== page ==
Dr JensenDr. Jensen moved to Redmond, Utah next to his grandparents around his 6th birthday. The next 18 years were spent on his grandpas’ farm where he learned to love animals. Grandpa had cattle and sheep as the main part of ranching but for personal uses also had chickens, pigs, dogs and cats. Dr. Jensen also caught and raised a baby squirrel. The squirrel would crawl under his shirt to take a nap when he would sit down to do his homework.
The first time that he had to save an animal’s life was when he and his brother both got a hold of the opposite ends of a rope. They went out into the sheep pen, both “the Doc to be” and his brother were successful in roping their prize, as one ewe went one way the other went the opposite. Hitting the ends of the rope both ewes went down and started struggling for air. Being too small to move the ewes and the rope was tight, it took some frantic work to loosen the ropes, and both ewes survived.
Dr. Jensen attended Utah State University then went on to Kansas State University where he graduated with his Doctor of Veterinary Medicine in 1994. He then moved to Moab, Utah where he spent the next 3.5 years starting his veterinary career.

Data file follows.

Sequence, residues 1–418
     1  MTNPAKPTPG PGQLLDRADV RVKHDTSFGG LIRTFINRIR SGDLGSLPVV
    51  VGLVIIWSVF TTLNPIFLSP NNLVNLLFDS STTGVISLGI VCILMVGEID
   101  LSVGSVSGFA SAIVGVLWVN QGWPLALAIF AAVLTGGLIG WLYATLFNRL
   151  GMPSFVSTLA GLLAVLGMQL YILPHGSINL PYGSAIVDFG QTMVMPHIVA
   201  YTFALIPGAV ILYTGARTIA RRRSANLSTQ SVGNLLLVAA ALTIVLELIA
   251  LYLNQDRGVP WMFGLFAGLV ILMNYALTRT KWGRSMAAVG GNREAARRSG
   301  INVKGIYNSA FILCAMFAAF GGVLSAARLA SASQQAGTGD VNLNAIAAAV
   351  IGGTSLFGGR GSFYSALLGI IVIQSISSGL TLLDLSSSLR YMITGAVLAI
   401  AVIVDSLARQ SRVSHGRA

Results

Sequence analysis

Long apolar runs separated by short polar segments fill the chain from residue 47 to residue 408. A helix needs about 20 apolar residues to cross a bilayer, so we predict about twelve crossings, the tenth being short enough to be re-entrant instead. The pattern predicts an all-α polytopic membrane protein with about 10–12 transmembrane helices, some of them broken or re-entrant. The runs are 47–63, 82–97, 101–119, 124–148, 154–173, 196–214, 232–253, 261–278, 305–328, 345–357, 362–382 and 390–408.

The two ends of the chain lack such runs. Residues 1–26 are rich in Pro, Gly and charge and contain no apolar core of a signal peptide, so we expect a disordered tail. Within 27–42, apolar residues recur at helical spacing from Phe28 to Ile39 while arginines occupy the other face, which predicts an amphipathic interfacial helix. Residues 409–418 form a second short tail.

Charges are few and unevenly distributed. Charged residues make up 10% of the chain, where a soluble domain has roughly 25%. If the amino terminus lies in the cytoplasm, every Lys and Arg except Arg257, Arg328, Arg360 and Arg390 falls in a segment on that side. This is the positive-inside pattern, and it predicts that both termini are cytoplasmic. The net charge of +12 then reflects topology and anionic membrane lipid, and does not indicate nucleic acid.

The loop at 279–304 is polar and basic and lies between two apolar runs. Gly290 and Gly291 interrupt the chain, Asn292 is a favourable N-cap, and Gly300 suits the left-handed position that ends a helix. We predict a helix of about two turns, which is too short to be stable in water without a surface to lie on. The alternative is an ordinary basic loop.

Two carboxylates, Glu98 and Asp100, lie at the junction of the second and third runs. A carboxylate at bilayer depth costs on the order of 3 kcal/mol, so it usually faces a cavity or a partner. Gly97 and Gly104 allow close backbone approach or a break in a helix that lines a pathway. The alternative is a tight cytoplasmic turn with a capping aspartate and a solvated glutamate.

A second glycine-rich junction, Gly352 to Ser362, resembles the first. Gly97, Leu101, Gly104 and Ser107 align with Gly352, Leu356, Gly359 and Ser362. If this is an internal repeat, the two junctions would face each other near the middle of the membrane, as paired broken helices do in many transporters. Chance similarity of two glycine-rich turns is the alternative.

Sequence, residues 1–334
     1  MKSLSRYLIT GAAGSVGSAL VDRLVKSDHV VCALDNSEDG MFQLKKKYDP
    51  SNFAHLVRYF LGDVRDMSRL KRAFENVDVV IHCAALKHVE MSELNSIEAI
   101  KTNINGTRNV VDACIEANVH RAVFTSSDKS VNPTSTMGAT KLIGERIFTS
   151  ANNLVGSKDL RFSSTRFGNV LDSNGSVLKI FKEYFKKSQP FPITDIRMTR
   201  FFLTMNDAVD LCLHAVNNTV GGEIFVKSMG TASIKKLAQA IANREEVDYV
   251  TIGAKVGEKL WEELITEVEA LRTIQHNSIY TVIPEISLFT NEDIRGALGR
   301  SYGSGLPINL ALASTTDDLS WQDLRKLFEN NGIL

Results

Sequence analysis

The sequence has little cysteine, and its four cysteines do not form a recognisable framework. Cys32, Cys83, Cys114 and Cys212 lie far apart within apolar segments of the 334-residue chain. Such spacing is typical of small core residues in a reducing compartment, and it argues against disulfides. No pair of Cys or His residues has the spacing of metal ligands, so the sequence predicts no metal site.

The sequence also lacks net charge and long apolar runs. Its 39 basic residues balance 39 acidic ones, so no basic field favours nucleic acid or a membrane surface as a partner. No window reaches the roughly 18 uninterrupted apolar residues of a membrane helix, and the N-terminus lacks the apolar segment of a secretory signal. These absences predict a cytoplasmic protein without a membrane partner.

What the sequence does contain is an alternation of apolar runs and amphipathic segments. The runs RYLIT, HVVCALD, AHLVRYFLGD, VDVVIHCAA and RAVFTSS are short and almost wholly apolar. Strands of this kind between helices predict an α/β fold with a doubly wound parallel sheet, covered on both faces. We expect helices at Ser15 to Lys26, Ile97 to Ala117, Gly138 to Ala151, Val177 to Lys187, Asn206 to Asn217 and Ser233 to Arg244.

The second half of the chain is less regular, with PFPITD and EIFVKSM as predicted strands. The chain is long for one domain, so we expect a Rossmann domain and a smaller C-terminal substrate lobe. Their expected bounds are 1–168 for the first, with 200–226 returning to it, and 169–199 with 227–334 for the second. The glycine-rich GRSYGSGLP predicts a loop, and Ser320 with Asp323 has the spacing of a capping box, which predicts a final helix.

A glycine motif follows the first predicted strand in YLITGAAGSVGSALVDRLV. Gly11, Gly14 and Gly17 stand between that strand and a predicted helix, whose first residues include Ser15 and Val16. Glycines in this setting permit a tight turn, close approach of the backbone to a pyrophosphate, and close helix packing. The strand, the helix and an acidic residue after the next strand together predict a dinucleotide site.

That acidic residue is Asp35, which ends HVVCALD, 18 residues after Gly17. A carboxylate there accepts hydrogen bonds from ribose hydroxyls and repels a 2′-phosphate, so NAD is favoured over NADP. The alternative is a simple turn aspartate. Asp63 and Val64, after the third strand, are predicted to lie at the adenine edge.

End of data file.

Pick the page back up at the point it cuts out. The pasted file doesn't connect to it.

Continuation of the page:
Dr. Jensen has always had a dream to own his own veterinary practice. In October of 1997 he moved to Castle Dale, Utah where he started his first veterinary clinic in the basement of his house while he was building his current veterinary hospital. Dr. Jensen loves the rural setting and the opportunities that it provides.
Theriogenology, (reproduction in animals) has always been of great interest to Dr. Jensen. One of Dr. Jensen’s main driving motivations is the ability to help people by helping their animals. Even by improving the lives of cattle we can make the lives of the rancher better. Production medicine, which has a lot to do with reproduction, has always been very intriguing. Dr. Jensen has attended many classes using his own time and money to learn more about cattle reproduction, nutrition, and production to better help the cattle producer improve their business.